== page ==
Windows 7 Retro Gaming with DOSBox

January 10, 2011, By Christian Cawley

With a Windows 7 computer you should be able to take advantage of most if not all of the most popular new games, whether they’re available online via Steam or purchased from a shop, or free online games. The majority of such games will be professionally produced, with excellent gameplay, graphics, sound and even feature a multiplayer element.

But sometimes, a gamer just wants to play something a little more simplistic, with less impressive graphics and more recognisable gameplay.

As a result, many older games remain popular – but sadly the majority of these cannot be played under Windows 7. While some retro titles can be enjoyed using compatibility mode or by setting up an old version of Windows as a virtual machine, for the really old titles you will need a different type of solution altogether.

Play retro games in Windows 7 with DOSBox

MS-DOS and Windows 7

Windows games from the late 1990s were all compatible with Windows 95 and 98, as well as MS-DOS. MS-DOS was the forerunner to Windows, and as such games were produced that could be run in this GUI-free environment.

This enabled software and games of this era to take full advantage of system resources that weren’t otherwise spent up allowing multitasking, and the result was some pretty excellent titles.

Obviously things have moved on considerably since the 1990s; MS-DOS is now no longer available, reduced to emulation in Windows 98 it was kicked out of the operating system in Windows XP to be replaced with the command line tool.

So how can retro games (or indeed software) be enjoyed in Windows 7?

Forget Virtualization – Try Emulation

The answer is with emulation – and the main tool for creating an emulated MS-DOS environment is DOSBox, a piece of software that is available not only for Windows but also Linux, Solaris, Mac OS X and many other operating systems.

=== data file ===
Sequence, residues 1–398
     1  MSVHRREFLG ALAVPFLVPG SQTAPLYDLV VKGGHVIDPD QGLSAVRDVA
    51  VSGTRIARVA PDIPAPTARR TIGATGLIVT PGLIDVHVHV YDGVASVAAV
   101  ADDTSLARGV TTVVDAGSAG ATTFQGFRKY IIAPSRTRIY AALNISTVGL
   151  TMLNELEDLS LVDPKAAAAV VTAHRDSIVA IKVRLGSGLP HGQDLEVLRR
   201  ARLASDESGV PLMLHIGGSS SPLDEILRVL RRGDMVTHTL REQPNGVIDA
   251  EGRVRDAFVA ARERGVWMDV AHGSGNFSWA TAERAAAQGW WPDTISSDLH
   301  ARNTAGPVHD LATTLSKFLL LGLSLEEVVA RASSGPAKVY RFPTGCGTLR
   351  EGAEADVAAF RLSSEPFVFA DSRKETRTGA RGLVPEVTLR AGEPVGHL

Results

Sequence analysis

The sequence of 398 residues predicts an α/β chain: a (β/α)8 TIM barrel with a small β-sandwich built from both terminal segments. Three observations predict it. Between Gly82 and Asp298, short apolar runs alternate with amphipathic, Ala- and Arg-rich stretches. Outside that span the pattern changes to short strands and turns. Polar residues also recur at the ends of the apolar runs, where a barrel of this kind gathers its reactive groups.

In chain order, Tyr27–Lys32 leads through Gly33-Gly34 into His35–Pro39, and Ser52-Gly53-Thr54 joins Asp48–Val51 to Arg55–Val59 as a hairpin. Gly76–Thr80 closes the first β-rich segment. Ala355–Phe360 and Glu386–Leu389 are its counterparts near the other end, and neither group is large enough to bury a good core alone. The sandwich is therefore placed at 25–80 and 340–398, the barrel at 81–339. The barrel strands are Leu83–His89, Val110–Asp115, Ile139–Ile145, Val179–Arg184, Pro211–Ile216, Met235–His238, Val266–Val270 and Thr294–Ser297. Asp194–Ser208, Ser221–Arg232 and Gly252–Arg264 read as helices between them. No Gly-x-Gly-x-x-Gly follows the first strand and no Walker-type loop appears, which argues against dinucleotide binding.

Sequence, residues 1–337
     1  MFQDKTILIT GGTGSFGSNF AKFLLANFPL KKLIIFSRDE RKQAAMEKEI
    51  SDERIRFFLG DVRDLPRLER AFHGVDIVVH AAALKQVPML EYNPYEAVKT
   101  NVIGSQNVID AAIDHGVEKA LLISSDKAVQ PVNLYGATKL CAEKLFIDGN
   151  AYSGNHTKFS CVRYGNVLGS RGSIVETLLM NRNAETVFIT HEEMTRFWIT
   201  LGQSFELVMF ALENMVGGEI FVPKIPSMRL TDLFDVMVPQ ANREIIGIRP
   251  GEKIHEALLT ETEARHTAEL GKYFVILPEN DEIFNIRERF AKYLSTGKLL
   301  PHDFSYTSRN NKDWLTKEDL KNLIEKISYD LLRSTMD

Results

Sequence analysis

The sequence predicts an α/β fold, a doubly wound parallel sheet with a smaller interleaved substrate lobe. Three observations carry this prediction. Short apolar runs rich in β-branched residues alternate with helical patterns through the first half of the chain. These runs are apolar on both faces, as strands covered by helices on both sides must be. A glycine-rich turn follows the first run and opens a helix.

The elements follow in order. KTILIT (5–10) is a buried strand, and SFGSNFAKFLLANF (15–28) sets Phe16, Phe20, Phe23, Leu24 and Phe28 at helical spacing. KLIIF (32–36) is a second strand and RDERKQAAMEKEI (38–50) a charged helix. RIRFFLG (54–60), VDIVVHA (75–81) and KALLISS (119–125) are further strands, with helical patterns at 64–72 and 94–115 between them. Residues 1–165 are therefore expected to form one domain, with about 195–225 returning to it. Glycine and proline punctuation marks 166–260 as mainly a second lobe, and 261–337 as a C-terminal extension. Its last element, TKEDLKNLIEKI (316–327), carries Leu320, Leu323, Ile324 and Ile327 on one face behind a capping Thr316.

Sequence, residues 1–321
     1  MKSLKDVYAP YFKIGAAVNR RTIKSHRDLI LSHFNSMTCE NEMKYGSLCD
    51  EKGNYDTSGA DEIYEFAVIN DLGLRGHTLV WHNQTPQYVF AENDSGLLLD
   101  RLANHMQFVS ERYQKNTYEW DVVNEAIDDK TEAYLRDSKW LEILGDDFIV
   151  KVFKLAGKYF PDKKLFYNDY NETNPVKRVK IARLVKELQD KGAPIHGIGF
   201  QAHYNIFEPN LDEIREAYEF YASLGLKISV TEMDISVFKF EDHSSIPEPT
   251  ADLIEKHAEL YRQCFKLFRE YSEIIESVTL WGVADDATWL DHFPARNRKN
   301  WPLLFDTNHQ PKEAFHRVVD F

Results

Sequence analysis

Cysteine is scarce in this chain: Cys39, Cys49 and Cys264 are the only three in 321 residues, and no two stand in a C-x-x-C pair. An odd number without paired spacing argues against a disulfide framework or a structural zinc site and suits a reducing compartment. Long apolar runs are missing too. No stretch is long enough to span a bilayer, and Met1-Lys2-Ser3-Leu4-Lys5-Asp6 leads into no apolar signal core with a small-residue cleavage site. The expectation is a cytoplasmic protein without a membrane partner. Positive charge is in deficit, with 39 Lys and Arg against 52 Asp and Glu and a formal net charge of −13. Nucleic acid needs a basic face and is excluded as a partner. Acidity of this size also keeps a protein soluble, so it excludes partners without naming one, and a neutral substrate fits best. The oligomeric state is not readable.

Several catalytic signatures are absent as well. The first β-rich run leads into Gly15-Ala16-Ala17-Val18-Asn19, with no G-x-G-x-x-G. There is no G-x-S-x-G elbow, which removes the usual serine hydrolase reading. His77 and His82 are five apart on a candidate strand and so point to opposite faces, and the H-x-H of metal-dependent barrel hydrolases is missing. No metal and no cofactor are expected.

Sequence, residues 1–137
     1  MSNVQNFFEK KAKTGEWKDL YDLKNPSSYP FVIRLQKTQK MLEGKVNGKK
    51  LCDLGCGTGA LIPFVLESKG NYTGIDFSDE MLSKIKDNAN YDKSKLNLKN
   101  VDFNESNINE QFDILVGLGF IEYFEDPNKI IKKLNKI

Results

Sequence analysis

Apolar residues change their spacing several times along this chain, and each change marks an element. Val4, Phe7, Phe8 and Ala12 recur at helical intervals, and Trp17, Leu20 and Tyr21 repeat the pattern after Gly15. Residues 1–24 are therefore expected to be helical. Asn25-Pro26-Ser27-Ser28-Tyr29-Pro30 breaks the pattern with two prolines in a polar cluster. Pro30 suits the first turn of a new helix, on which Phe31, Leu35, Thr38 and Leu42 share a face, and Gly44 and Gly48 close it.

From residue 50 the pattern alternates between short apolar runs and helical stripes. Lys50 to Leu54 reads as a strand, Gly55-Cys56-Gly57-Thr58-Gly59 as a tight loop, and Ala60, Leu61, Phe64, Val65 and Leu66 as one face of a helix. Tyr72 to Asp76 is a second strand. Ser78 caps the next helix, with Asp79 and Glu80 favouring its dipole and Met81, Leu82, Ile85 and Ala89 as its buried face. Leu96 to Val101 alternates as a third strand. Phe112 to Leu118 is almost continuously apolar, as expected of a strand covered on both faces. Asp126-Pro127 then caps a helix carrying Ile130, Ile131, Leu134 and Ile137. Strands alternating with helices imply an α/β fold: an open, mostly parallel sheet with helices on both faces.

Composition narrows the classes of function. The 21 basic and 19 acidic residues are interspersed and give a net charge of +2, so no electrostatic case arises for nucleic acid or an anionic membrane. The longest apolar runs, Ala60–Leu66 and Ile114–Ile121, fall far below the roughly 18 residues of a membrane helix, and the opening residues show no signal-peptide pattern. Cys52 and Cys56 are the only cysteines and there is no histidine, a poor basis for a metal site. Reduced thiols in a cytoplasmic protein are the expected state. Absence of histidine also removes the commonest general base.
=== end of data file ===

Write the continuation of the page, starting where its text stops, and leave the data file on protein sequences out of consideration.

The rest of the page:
To get your copy of this free software (to which you can donate if you like it) head over to www.dosbox.com and download a copy. It is a remarkably small 1.4MB for Windows users, and requires just a few MB of hard disk space.

Once installed you can take advantage of various retro gaming classics that are either available in your own collection or that have been acquired from abandonware websites.

Playing Retro PC Titles with DOSBox

When you run DOSBox you will be presented with a Z:\> prompt. What you will need to do is “mount” a virtual disk within the software. The best way to do this is to find or create a suitable folder on your hard disk drive within which you can save your game files.

For instance if I create the folder DOSGAMES on my C:\ drive, I would issue the command:

mount c c:\dosgames

At the next prompt I would switch drives:

C:

This changes the Z:\> prompt to C:\>, and from here I can run my intended game. Type DIR to list the directory contents, change directory with CD DIRECTORYNAME and enter the name of the .EXE or .BAT file that is required to launch the game!

Resources for Abandonware Games

There are several online repositories of abandonware – software that is no longer supported by developers or publishers which has been made available, licence free, to be downloaded by retro gamers.

www.xtcabandonware.com

www.abandonia.com

www.abandonwaredos.com

www.hotud.org

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